Date of Original Version

1-1-2013

Type

Article

PubMed ID

24302930

Rights Management

Copyright © 2013 Christian Lebiere et al. This is an open access article distributed under the Creative Commons Attribution License, which permits unrestricted use, distribution, and reproduction in any medium, provided the original work is properly cited.

Abstract or Description

Sensemaking is the active process of constructing a meaningful representation (i.e., making sense) of some complex aspect of the world. In relation to intelligence analysis, sensemaking is the act of finding and interpreting relevant facts amongst the sea of incoming reports, images, and intelligence. We present a cognitive model of core information-foraging and hypothesis-updating sensemaking processes applied to complex spatial probability estimation and decision-making tasks. While the model was developed in a hybrid symbolic-statistical cognitive architecture, its correspondence to neural frameworks in terms of both structure and mechanisms provided a direct bridge between rational and neural levels of description. Compared against data from two participant groups, the model correctly predicted both the presence and degree of four biases: confirmation, anchoring and adjustment, representativeness, and probability matching. It also favorably predicted human performance in generating probability distributions across categories, assigning resources based on these distributions, and selecting relevant features given a prior probability distribution. This model provides a constrained theoretical framework describing cognitive biases as arising from three interacting factors: the structure of the task environment, the mechanisms and limitations of the cognitive architecture, and the use of strategies to adapt to the dual constraints of cognition and the environment.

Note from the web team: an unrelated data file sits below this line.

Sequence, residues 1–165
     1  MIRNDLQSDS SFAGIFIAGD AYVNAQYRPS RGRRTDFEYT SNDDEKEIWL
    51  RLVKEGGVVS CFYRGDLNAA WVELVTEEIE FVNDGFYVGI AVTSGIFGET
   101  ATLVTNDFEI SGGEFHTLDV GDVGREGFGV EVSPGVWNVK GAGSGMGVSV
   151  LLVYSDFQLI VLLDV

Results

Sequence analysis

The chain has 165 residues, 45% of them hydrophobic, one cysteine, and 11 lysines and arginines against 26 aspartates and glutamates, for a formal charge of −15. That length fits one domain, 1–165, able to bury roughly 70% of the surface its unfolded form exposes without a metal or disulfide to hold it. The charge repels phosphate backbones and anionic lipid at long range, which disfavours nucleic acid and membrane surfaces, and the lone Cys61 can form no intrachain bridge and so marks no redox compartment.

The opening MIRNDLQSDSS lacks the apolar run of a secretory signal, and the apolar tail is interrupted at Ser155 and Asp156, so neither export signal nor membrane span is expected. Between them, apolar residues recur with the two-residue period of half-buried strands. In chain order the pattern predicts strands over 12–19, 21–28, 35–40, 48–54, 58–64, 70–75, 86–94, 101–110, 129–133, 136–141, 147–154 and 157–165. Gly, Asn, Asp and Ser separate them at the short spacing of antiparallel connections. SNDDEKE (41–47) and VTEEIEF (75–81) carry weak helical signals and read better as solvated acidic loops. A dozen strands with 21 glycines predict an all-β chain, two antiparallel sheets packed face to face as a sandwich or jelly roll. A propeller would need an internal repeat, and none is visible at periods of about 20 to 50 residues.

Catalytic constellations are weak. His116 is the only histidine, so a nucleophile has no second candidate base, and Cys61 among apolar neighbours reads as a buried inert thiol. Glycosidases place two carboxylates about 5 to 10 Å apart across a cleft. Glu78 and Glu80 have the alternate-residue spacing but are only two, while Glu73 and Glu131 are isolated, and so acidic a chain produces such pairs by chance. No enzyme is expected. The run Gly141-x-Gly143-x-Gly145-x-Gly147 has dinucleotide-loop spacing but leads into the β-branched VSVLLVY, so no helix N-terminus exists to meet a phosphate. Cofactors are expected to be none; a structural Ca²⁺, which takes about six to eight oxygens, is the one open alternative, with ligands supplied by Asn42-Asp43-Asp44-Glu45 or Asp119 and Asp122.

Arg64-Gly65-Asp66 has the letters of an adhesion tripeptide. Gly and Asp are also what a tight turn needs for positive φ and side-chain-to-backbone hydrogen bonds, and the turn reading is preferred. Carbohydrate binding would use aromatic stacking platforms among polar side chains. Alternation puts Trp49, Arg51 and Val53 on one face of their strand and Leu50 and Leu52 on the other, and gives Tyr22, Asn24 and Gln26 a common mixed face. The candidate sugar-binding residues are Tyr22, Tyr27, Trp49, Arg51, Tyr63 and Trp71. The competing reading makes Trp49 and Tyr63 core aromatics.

DOI

http://dx.doi.org/10.1155/2013/921695

Creative Commons

Creative Commons Attribution 3.0 License
This work is licensed under a Creative Commons Attribution 3.0 License.

Included in

Psychology Commons

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Published In

Computational Intelligence and Neuroscience, 2013, 921695-921695.